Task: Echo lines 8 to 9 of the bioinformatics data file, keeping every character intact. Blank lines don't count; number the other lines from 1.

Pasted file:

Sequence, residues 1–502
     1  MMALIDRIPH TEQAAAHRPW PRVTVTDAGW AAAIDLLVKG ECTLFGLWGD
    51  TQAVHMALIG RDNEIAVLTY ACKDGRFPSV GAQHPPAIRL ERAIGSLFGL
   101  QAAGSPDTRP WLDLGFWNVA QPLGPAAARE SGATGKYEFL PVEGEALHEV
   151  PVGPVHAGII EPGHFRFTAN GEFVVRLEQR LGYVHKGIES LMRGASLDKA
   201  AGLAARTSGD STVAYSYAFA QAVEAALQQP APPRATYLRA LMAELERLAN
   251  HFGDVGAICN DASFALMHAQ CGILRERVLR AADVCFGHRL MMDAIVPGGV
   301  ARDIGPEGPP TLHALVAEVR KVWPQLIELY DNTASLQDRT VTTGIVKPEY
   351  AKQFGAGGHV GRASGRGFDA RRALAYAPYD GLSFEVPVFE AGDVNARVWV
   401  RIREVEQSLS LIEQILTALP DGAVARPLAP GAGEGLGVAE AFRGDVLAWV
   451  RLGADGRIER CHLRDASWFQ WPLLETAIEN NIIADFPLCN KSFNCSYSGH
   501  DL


   301  ARDIGPEGPP TLHALVAEVR KVWPQLIELY DNTASLQDRT VTTGIVKPEY
   351  AKQFGAGGHV GRASGRGFDA RRALAYAPYD GLSFEVPVFE AGDVNARVWV